Perhaps the most intractable of challenges for ESG ratings has been balancing two particular attributes of ratings data: objectivity and quality. Company-furnished sustainability data is usually high quality, but may not show the entire picture and thus can fail on objectivity. On the other hand, relying on news aggregators and other external sources for sustainability data can generate inaccurate, spotty, or misleading results, and sorting out the good data from the bad can be a herculean task, which threatens quality.
ESG ratings can’t rely on only internal or external data; the best ratings often pursue the most datapoints and have the best systems to check the information gathered. Advancements in artificial intelligence (AI) are contributing to changes in ESG ratings’ data gathering processes. Using natural language processing and other tools, AI engines collect and distill information more accurately and quickly than previous data scraping approaches. The speed and accuracy promised by AI can increase the volume of resources scanned, accessing, at least in theory, greater amounts of higher quality data to feed more objective and representative ratings.
Unstructured data or information known to be relevant, including geospatial information, supply chain logistics, physical risk, etc., can give an indication of a facility-level resiliency to change. But it’s hard to pull the threads on this data unless you employ AI to sort through the mess. If you can sort through it then there’s a reasonable likelihood you’ve got your finger on something financially material. It’s the volume of data that is a hurdle, not if the data is material or not.
While the underlying data is key, the proprietary methodologies used to create ratings are where the rubber really meets the road. For the most part, raters are reluctant to reveal the inner workings of their ESG ratings, in part because doing so could encourage corporates to try to game the system. However, some methodological openness ensures trust in the process, leaving investors confident the ratings are useful for investment decisions and helping corporates accept that the ratings they receive truly reflect performance. Perhaps as a response to recent regulatory scrutiny and increasing criticism over their role in the market, major ESG raters today are embracing greater methodological transparency.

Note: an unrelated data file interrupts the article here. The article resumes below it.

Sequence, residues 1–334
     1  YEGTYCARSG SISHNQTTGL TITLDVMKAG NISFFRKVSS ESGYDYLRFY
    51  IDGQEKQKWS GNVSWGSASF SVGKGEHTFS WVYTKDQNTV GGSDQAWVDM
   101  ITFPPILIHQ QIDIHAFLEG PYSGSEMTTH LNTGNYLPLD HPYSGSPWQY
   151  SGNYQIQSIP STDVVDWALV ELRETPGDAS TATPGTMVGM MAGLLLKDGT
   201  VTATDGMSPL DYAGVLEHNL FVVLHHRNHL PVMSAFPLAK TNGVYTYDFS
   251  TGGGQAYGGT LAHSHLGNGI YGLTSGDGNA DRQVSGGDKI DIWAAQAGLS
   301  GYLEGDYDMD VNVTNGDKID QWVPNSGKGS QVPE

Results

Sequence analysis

Regulatory Developments on ESG reporting
As the interlocks between data practices, corporate disclosure, ratings, and investment approaches become more evident, regulators are increasingly examining the ESG investing ecosystem. As part of the European Commission’s Sustainable Finance Strategy, proposed regulation meant to monitor the reliability, comparability, and transparency of ESG ratings is expected to be issued in 2023 as a part of a larger initiative by the European Securities and Markets Authority to combat greenwashing.
In the United States, ESG ratings, like credit ratings, are usually regarded as legally protected third-party opinions; regardless, tighter regulation of other facets of the ESG investing ecosystem is likely to affect ratings at least indirectly. In May 2022, the U.S. Securities and Exchange Commission released a proposed rule aimed at enhancing investment advisors’ disclosures regarding use of ESG factors in their investment practices. Provisions in the SEC’s proposed rule would require investment advisors to specify the metrics and data underlying the construction of ESG-informed funds and investment approaches, potentially increasing pressure for transparency and consistency on both data and ratings.
Rate the Raters 2022 / 2023
As the sustainable investing ecosystem adapts to shifting investor and other stakeholder demand, evolving investment strategies, new regulation and other changes ,and, ESG raters are responding by tailoring their ratings, methodologies, and data solutions to suit client needs.
Taking the pulse of sustainability-minded investors and corporate sustainability professionals about the impact and value of ESG ratings is the purpose of each Rate the Raters effort —and we’ve never been more interested to find out what survey respondents will say. The window for the current survey is currently open: corporate issuer respondents should respond to the corporate survey, and investor respondents should respond to the investor survey.